Michigan business tax credit liability to soar to $9.4B

Chad Livengood
Detroit News Lansing Bureau

Lansing — The cost of Michigan's business tax credit liability is expected to balloon to $9.38 billion during the next two decades, a nearly $3 billion or 44 percent increase from a prior estimate, the Michigan Economic Development Corp. said Wednesday.

MEDC officials submitted to lawmakers a revised estimate of the liability of tax credits awarded to about 240 businesses in the past decade as part of a strategy to stem job losses during the Great Recession and keep the domestic auto industry anchored in Michigan.

The state agency previously estimated the liability at $6.5 billion, but the value of the Michigan Economic Growth Authority tax credits has increased with the rising payrolls of jobs tied to the subsidies, said Steve Arwood, president and CEO of the MEDC.

"In my opinion we have not done the job we should have done in estimation because we did not apply the kind of growth factors" that have occurred in payrolls, Arwood told members of the House Tax Policy Committee on Wednesday.

The cost of the tax credits are facing increased scrutiny in the Legislature because the escalating cost is wreaking havoc on the state's budget.

Some Republican lawmakers expressed outrage Wednesday that Gov. Rick Snyder's administration awarded $391 million in additional tax credits after he got the Legislature to adopt a flat 6 percent corporate income tax that doesn't have loopholes.

"What I don't understand is when we have a governor who said 'no new tax credits' and yet we've have 45 non-technical amendments that are basically new certified tax credits," said Rep. Jeff Farrington, R-Utica, chairman of the tax policy committee. "That is what gives me the pit in my stomach."

Starting under the administration of Republican Gov. John Engler, the state has awarded MEGA tax credits to businesses to spur job creation. But under former Democratic Gov. Jennifer Granholm, the state changed the focus to giving companies tax breaks for retaining existing jobs and the incentives were sweetened.

According to MEDC data, job creation tax credits cost an average of $14,310 per job. Retention tax credits cost more than five times that amount — $74,661 per job over the life the credit.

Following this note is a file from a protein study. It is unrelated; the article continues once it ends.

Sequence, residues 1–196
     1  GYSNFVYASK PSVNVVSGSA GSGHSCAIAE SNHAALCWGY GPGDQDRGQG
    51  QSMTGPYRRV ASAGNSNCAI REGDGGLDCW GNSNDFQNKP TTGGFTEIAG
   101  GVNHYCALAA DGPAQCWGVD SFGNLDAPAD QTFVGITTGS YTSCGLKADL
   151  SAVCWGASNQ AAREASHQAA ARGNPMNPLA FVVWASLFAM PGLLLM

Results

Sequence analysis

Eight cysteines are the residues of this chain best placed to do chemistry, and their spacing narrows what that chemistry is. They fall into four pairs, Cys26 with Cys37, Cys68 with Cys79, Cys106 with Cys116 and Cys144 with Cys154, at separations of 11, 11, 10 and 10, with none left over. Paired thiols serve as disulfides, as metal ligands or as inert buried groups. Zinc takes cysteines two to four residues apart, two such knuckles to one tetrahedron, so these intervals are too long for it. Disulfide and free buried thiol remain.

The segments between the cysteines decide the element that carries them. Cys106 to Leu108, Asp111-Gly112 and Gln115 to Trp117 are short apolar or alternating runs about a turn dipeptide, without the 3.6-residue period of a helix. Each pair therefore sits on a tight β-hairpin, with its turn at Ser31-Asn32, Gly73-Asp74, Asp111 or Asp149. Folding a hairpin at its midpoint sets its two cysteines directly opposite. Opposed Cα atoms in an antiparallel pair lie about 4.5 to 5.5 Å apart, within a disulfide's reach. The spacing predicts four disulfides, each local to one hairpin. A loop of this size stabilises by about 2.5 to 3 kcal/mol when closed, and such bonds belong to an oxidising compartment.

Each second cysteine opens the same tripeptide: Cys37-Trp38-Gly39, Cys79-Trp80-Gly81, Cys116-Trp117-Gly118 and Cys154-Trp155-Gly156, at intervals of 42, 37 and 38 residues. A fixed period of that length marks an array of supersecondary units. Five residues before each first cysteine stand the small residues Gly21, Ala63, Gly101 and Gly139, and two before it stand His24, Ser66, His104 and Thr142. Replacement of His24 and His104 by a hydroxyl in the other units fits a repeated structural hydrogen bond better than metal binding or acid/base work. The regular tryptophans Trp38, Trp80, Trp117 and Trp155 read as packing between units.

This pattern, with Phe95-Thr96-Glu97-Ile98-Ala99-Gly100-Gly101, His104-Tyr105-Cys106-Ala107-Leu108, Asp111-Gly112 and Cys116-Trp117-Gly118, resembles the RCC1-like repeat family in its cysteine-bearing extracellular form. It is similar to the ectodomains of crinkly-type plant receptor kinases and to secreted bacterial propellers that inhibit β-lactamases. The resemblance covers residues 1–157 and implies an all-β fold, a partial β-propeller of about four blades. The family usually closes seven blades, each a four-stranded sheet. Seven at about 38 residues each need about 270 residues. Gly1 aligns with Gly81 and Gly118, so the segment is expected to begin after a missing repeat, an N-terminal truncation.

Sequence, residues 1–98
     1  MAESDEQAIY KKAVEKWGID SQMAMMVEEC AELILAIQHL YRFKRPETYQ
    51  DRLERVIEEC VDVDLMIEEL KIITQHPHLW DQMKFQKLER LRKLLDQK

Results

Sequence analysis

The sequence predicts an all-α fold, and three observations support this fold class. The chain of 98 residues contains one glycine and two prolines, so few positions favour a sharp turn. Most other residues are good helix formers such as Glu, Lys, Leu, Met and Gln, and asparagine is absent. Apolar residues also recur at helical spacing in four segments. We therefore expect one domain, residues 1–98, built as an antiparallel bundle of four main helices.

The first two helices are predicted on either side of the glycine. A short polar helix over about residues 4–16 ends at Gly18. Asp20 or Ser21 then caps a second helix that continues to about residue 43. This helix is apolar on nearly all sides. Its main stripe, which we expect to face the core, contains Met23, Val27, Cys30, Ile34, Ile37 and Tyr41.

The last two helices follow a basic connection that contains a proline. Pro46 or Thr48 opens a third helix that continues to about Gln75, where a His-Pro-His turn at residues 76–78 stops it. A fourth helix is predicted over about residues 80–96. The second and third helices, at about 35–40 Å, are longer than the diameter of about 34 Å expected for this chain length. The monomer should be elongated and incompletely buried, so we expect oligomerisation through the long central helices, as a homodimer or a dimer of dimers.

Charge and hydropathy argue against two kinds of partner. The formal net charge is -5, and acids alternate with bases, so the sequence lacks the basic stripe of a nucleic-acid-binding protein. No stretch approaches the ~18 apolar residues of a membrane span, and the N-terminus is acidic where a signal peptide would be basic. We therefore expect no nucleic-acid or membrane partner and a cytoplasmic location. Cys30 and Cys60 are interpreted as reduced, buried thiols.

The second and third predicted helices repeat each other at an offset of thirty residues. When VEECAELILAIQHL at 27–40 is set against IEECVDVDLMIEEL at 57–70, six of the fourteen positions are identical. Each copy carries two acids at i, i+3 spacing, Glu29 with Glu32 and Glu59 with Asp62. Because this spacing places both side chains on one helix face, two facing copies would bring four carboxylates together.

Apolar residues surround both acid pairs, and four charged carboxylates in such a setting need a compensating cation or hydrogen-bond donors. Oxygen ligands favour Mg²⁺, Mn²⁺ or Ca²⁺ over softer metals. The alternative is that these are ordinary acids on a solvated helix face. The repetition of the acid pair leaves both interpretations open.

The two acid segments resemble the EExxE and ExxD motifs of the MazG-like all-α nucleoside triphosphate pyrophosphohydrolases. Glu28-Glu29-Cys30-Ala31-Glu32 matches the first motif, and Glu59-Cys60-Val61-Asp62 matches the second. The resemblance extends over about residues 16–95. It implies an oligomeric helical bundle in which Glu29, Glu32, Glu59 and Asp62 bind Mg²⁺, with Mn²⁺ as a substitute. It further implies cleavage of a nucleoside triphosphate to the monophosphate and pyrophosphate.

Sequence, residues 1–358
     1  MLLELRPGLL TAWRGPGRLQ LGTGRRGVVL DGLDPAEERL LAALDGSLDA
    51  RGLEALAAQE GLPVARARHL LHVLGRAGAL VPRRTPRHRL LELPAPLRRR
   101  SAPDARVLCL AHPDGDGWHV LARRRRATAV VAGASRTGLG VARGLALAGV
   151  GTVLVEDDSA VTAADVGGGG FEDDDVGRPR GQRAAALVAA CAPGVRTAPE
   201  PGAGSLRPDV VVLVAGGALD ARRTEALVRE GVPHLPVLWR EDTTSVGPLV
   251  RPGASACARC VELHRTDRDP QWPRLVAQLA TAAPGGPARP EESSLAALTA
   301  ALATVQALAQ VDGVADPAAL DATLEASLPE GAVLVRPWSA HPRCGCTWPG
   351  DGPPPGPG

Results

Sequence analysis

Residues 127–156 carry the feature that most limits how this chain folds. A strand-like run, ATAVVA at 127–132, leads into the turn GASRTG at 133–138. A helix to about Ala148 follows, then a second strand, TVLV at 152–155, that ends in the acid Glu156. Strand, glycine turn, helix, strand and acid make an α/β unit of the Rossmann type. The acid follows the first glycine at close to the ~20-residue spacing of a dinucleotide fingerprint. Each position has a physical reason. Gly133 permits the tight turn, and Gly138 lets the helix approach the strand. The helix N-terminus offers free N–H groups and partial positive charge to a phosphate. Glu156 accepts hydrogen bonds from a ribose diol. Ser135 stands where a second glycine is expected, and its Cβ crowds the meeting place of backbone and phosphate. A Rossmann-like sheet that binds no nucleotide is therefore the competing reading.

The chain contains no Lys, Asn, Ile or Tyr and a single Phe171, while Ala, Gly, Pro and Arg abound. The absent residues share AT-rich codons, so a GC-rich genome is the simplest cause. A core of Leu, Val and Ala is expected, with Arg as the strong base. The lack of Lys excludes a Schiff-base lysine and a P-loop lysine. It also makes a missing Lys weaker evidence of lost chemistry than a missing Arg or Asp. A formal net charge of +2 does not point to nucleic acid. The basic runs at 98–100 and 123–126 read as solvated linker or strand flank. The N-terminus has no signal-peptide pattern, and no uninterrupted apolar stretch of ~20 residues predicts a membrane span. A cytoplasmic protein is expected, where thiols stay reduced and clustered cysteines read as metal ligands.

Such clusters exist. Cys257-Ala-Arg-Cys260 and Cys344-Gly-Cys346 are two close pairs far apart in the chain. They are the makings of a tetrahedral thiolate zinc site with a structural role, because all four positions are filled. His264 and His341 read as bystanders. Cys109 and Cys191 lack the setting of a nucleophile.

Arwood said 95 percent of the outstanding tax credits are for economic development incentives awarded to companies to retain jobs. He said the revised liability estimate represents $111 million more in annual refunds and credits against the tax bills of corporations — a direct hit to the state's roughly $10 billion general fund.

"Why do we keep subsidizing this?" asked Rep. Ken Yonker, a Kent County Republican.

Businesses, including Detroit's three automakers, can use the tax credits to lower their tax bills.

The MEDC estimates payouts to businesses will exceed $500 million annually through 2028 and jump to $607 million in 2029, before tapering down to $129 million and $133 million in 2030 and 2031, respectively, when the last tax credits expire.

"Instead of tailing off, it actually tails up," Arwood told lawmakers.

To better account for when the tax credits will be cashed in, the MEDC is asking businesses to voluntarily project three future years of redemptions and only cash credits during the year in which they were certified, Arwood said.

Mike Johnston, a lobbyist for the Michigan Manufacturing Association, said billions of dollars in plant investments by General Motors Co., Ford Motor Co. and the former Chrysler Group LLC would not have been possible without the tax credits.

"If Michigan hadn't been aggressive with a MEGA-style program, we would have not beaten the other states," Johnston said.

The Detroit News reported Feb. 5 that Ford, GM and FCA US had tax credits last valued at nearly $4.5 billion that are linked to the retention of about 86,000 in-state jobs and a combined $5.5 billion in upgrading assembly plants and other facilities in Michigan.

MEDC officials have not disclosed the new value of Detroit Big Three's tax credits. Some lawmakers want more transparency in knowing future tax credits.

"The scary part is we aren't entirely sure of the liability going forward," said Rep. Jim Townsend, D-Royal Oak. "To the extent that we have to pierce the veil of privacy around tax credits, we have to do it."

Jack McHugh, a senior legislative analyst at the Mackinac Center for Public Policy, testified in opposition to the tax credits.

The conservative Mackinac Center think tank has long contended the MEGA tax credits are a form of corporate welfare with mixed results for creating jobs.

"The truth is, these are mostly political development programs, not economic development programs," McHugh said.